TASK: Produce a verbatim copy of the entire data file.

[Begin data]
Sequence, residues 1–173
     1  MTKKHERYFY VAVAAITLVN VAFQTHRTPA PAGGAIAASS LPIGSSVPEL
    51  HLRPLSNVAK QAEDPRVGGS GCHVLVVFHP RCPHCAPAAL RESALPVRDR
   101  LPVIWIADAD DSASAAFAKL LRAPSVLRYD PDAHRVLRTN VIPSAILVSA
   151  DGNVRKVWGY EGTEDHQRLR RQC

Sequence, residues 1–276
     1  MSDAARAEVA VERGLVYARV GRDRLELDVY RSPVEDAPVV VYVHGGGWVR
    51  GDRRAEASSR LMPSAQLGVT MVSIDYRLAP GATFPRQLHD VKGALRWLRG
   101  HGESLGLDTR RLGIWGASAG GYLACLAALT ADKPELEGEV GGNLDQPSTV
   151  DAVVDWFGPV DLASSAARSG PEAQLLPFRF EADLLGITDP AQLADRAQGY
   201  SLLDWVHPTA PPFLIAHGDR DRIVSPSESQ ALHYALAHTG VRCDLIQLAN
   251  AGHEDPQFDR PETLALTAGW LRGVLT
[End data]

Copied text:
Sequence, residues 1–173
     1  MTKKHERYFY VAVAAITLVN VAFQTHRTPA PAGGAIAASS LPIGSSVPEL
    51  HLRPLSNVAK QAEDPRVGGS GCHVLVVFHP RCPHCAPAAL RESALPVRDR
   101  LPVIWIADAD DSASAAFAKL LRAPSVLRYD PDAHRVLRTN VIPSAILVSA
   151  DGNVRKVWGY EGTEDHQRLR RQC

Sequence, residues 1–276
     1  MSDAARAEVA VERGLVYARV GRDRLELDVY RSPVEDAPVV VYVHGGGWVR
    51  GDRRAEASSR LMPSAQLGVT MVSIDYRLAP GATFPRQLHD VKGALRWLRG
   101  HGESLGLDTR RLGIWGASAG GYLACLAALT ADKPELEGEV GGNLDQPSTV
   151  DAVVDWFGPV DLASSAARSG PEAQLLPFRF EADLLGITDP AQLADRAQGY
   201  SLLDWVHPTA PPFLIAHGDR DRIVSPSESQ ALHYALAHTG VRCDLIQLAN
   251  AGHEDPQFDR PETLALTAGW LRGVLT